Inaugural volunteers have been streaming into Washington, joining thousands of local volunteers for a momentous task that is honor, duty and job networking all rolled into one, and more of them are scheduled to arrive this week.
Florists from Hawaii, Boy Scouts from Texas, students from Wisconsin and former political candidates from Oklahoma are among the many crashing on friends' couches, sleeping in hotels at the inaugural committee's expense or footing their own bills.
Each volunteer has small tasks that might seem minor, from giving directions to a ticket holder to stripping the thorns from roses intended for a floral centerpiece. But taken together, more than 5,000 volunteers are the gears that allow the inauguration to unfold. Without them, it wouldn't be possible to stage three days of events, including a fireworks display, a military salute, the Jan. 20 swearing-in ceremony, nine balls and an inaugural parade with 10,000 marchers.
In charge is a 24-year-old campaign and convention veteran named Gordon Pennoyer. His desk is a bare cubicle at the front of a volunteer "war room" on the fifth floor of the Mary E. Switzer Building, three blocks from the Capitol, and headquarters for the Presidential Inaugural Committee. His main tool is his BlackBerry.
"We've had no problem getting volunteers; calls are going through the roof," said Pennoyer, who last year coordinated absentee ballots in New Hampshire and made sure escalators ran in the right direction at the Republican convention in New York. As he speaks, his BlackBerry vibrates repeatedly. Someone wants a pianist to entertain visitors picking up tickets at the will-call window in L'Enfant Plaza. Someone else wants a volunteer who is comfortable with horses to help at the parade staging area.
"It's just one of those unbelievable events for people who are excited about this president," Pennoyer said. "We have folks who could be out at a parking lot at the convention center the whole time and never get near a ball, and they're still so honored to be a part of it."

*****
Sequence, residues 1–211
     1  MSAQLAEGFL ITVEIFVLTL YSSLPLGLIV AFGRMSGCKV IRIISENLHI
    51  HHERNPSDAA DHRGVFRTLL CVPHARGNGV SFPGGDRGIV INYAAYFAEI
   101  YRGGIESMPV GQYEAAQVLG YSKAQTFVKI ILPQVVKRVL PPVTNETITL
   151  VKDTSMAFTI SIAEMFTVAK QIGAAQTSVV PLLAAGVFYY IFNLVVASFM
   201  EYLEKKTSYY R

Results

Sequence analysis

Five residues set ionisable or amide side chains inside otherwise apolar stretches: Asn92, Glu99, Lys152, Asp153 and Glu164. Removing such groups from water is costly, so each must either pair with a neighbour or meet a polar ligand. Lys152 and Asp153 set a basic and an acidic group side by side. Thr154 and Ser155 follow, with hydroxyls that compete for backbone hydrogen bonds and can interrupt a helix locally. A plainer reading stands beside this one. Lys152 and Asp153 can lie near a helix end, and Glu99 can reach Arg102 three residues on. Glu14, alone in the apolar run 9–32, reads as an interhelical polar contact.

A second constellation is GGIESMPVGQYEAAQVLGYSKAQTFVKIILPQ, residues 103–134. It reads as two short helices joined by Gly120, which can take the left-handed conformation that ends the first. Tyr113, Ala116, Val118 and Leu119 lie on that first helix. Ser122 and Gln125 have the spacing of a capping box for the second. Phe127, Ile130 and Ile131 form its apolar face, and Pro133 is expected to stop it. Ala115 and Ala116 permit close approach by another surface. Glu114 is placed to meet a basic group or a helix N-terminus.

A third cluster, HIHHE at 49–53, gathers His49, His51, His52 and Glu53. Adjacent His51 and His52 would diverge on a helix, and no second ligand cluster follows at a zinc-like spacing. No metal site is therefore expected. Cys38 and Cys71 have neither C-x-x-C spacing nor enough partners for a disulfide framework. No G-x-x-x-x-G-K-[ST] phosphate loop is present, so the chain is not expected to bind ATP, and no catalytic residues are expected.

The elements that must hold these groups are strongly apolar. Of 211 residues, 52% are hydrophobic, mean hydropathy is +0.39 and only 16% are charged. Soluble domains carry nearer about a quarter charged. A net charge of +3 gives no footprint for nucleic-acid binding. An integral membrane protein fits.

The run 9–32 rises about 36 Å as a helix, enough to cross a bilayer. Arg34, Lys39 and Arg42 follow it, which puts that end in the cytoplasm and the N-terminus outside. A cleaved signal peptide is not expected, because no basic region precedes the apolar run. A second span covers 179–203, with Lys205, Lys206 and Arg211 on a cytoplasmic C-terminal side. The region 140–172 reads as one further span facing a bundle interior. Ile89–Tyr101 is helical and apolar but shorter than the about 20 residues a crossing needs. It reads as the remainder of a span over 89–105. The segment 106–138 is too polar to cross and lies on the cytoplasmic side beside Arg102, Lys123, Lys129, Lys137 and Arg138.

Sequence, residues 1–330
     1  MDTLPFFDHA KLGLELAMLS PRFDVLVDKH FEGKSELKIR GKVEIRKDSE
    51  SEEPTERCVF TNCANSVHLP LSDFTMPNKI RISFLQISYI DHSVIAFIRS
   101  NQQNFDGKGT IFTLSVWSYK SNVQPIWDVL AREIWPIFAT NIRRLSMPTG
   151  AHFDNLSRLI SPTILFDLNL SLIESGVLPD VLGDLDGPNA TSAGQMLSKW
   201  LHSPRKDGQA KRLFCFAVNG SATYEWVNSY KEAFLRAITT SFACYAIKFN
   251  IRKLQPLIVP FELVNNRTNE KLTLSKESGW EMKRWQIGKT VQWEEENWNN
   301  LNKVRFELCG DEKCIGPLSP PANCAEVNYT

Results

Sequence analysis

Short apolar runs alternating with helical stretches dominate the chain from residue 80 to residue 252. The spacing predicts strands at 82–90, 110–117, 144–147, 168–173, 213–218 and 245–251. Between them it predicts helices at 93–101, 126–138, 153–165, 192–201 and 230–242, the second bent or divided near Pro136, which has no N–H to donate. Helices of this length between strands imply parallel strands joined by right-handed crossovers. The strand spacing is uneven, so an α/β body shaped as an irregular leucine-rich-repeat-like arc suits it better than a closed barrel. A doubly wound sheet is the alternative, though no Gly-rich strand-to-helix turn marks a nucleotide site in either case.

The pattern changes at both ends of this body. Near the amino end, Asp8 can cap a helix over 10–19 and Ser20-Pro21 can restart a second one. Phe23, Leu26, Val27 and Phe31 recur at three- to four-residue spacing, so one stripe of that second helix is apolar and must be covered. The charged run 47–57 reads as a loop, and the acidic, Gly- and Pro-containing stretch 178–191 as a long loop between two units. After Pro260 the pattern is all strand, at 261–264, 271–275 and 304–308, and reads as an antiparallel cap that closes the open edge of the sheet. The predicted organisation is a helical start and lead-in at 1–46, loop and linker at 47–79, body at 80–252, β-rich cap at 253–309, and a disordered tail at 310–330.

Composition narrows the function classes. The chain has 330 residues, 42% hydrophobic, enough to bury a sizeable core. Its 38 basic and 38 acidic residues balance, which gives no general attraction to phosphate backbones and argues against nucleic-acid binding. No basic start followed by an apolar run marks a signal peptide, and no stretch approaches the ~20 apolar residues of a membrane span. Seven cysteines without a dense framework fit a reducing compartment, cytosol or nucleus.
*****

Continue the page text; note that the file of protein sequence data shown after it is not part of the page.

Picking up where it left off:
On Saturday afternoon, for example, C. William Spencer, a retired hospital administrator from Arlington, Texas, escorted 44 members of the Tejas District Color Guard as they got off a plane at Reagan National Airport. They were Cub Scouts, Boy Scouts, Explorer Scouts and Venture Scouts, ages 8 to 19, who have pressed their uniforms, combed their hair and been told -- based on experience -- not to pack any fireworks. The scouts might hold a record for breaking crystal chandeliers in Tarrant County, for not dipping their flags at the right time, Spencer said, but they have been practicing hard to smoothly present 30 historical flags simultaneously.
The Tejas scouts worked the last inaugural, delivering welcome gifts to VIPs, distributing programs at the swearing-in and standing as honor guard at a ball at the Ronald Reagan International Trade Center, 22 on each side of the stairs, three steps apart. They're not yet sure what their duties will be this time, but they're excited.
"They are totally pumped," Spencer said in a phone interview. "I can't tell you what it's like, when you drive or walk down Pennsylvania Avenue at night, and they just see the Washington Memorial, the White House, the Capitol," Spencer said. "You don't have to worry about discipline. The kids are just awe-struck."
And amused. For the last inaugural, the scouts stayed in a hotel near the Capitol frequented by ladies of the night, Spencer said. "We had no idea. They actually approached some of these boys, while they were in uniform. This time we're in Falls Church."
By today, as the scouts take in the monuments, about 200 floral designers, wholesalers, growers, drivers and people trained to condition flowers will be hunkered down in a freezing warehouse in Southeast Washington. There, they will pour and mix concrete to make foundations for seven-foot topiaries and assemble three truckloads of roses, lilies, hydrangeas, tulips, gerber daisies and other flowers into tablescapes, centerpieces and vine-trimmed foliage.